There are a few problems with this gem, befitting a talented developer just now getting to stretch their legs; outside of that conversation listed above, some of it is drab and mechanical, almost as if the character themselves weren't speaking, but the writer themselves dropping that information (if that makes any sense). There are bugs that crash to desktop months in. You can also tell the KS cash didn't go far enough and got stretched thin (noticable but not necessarily bad since it means more of that sweet, sweet fightin').

  • Two great tastes that taste great together! What could've been an also ran fluff title thrown out till we get Etrian Odyssey V and Persona 5: Cart Racer in 2016 (put down the pitchforks, it's good for your blood pressure), PQ is better than it has any right to be.

    The dungeon design is packed with great ideas for the layout, the theming, the FOE tricks, and fully realizing the "puzzle-based" methodology that EO had been migrating to since III. The high mana cost being balanced around the Boost and sub-persona system is really neat. Just the very idea that Chie has a spell she can't even cast until 53 unaided is crazy great. It even puts controls the slovenly Choose Fusion that Golden infected the series with by forcing exploiting as many weaknesses as possible vs. less defensive skills! The only real issue I have is the more restricted P4G system eventually does break wide open by stratum 4 making it less about the right Sub, teammates, and strategy and more about farming Power Spots and cashing in for skill cards and sacrifice fusion Compendium raiding.

    The chibi look is usually great, as is the characterization (with Naoto, Mitsuru, Kanji, Ken, and Margaret stealing the show constantly), but they just had to do what they did to Chie, Akihiko, and Lord God what did the writers have against this character Teddie. It got to the point where I'd literally skip any time these 3 were on here (though Chie got better).

    The devs also really need to stop themselves from Skyward Swording (demonstrating or having characters frame the puzzle's form in natural conversation, then have a dummy box exasperatingly explaining it in lurid detail).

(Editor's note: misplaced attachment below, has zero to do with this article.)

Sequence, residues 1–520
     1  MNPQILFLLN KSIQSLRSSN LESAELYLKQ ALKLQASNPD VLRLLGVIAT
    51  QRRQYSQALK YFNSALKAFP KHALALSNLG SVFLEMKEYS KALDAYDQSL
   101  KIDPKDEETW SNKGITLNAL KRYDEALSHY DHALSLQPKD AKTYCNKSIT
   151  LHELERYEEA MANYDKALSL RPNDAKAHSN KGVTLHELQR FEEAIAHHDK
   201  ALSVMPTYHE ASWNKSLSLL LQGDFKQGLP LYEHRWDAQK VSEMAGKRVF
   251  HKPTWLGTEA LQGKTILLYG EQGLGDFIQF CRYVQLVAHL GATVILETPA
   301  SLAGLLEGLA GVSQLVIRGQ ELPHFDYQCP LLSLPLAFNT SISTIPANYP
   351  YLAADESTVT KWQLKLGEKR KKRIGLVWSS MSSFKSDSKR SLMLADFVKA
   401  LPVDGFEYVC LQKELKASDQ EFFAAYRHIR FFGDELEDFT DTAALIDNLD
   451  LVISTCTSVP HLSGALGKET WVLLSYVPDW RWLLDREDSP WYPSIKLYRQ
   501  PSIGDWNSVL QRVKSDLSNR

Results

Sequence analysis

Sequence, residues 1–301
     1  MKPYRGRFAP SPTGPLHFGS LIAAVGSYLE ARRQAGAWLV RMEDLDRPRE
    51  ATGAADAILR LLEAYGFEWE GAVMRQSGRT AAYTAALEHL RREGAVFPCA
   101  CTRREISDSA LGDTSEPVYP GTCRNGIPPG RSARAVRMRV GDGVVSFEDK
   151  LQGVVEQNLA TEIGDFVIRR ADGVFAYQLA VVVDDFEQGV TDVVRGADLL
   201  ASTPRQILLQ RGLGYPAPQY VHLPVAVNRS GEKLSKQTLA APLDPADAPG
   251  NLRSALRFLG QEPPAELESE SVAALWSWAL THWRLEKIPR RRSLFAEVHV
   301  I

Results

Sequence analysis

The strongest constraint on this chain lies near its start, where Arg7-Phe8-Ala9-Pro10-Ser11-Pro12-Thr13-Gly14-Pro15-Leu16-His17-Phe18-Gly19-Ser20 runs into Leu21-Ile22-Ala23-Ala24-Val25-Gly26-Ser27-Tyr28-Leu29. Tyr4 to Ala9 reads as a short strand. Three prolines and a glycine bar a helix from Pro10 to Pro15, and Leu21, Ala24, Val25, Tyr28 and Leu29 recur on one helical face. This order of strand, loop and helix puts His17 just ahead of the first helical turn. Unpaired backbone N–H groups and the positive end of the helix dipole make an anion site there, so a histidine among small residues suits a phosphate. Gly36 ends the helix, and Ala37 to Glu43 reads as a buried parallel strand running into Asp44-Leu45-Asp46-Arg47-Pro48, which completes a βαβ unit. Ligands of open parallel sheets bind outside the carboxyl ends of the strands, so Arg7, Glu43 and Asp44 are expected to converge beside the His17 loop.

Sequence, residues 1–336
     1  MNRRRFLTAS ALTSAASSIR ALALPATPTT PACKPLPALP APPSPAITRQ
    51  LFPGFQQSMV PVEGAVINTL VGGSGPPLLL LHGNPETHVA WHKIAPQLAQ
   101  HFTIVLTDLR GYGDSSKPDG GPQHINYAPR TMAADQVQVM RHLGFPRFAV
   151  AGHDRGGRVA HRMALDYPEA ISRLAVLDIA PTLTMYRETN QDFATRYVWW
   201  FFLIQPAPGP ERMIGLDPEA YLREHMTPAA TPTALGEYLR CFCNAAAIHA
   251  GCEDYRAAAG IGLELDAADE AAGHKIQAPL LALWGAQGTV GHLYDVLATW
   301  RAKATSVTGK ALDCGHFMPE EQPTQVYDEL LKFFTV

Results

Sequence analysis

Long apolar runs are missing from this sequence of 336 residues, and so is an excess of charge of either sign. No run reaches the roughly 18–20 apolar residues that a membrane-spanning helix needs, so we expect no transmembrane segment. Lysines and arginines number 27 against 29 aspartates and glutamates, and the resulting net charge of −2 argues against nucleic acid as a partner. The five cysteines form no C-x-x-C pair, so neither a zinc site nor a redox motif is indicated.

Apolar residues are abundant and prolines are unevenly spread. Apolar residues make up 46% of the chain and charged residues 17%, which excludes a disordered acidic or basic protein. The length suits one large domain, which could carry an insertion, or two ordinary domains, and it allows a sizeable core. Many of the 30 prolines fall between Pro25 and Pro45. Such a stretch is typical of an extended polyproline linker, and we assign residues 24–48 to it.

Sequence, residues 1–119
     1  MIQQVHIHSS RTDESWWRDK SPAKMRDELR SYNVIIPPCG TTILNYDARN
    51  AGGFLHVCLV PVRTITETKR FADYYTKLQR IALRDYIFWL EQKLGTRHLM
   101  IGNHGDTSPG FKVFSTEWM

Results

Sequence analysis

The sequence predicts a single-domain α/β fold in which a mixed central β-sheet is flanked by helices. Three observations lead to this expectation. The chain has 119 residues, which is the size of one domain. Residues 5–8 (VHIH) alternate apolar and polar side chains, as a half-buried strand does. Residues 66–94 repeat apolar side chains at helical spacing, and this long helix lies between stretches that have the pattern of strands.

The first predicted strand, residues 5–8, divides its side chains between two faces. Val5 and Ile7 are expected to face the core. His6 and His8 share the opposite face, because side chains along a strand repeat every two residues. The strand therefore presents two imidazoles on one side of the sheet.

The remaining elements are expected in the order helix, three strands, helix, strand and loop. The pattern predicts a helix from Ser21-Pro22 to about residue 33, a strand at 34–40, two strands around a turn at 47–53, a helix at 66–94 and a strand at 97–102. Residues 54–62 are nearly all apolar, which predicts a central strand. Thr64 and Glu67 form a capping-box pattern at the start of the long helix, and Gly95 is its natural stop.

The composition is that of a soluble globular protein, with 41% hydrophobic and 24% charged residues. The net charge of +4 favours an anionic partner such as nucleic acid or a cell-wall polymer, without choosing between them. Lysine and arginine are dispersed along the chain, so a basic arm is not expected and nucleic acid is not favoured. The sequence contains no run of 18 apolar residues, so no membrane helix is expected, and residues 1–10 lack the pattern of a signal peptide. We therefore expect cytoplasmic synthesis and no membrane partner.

Has Marie. That's a half point off on anyone's grading scale.

  • I honestly find this slice of stark, intentionally-retro jaunt in Lovecraftian hellholes surprisingly fun. It's still held back by an overreliance upon bad circa-1992-level UI ergonomics and I swear to god the man who manufactures doors must be the fucking Warren Buffet of the kingdom.

    The class system is also one of those really neat systems that looks generic on the surface but holds a ton of nuance that just shines. "Do I go with big boom-boom offense? Perhaps 4 casters to have every spell for every event ASAP?" and all the give and take inherent in that.

  • If you look past the generic aspects of the start (yes, there's a rat cave that went as far as to being NAMED that, and yes your party is shockingly undergeared for a quest on this scale), you'll find a well-made, harsh, laissez-faire adventure where the team's modest, well-understood goals were met with flying colors.

    Still, those battle screens. Why do they move like marionettes? Why do the rats look like something out of that episode of MST3K?

    Oh well, my Bard just picked up some new songs, on to the next dungeon!

  • Xillia 2 looks really good at the same type of places and the same type of way that X1 did last year, towns and characters look just as strong and inspired, but the zones and dungeons still look and play like grungy escapees from a nearly forgotten 2nd year PS2 game. The "reused" line often used on this game has the wrong target; it's a direct sequel, of COURSE much will carry over, but I almost never hear people pointing out the dimensional jaunts reusing areas you had recently cleaned out. It's strange.

    What wasn't excusable was the grouping mechanic; most main Chapters forced a set 4-person party on you, restricting your options in a bad way from playing a favorite other than Ludger (and often put you in real danger when Elise, Leia, or Muzet ain't one of them; the bosses have a nasty habit of spamming PBAoEs when more than 2 player characters are in range meaning those PBAoE heals they gave characters is a deathtrap.)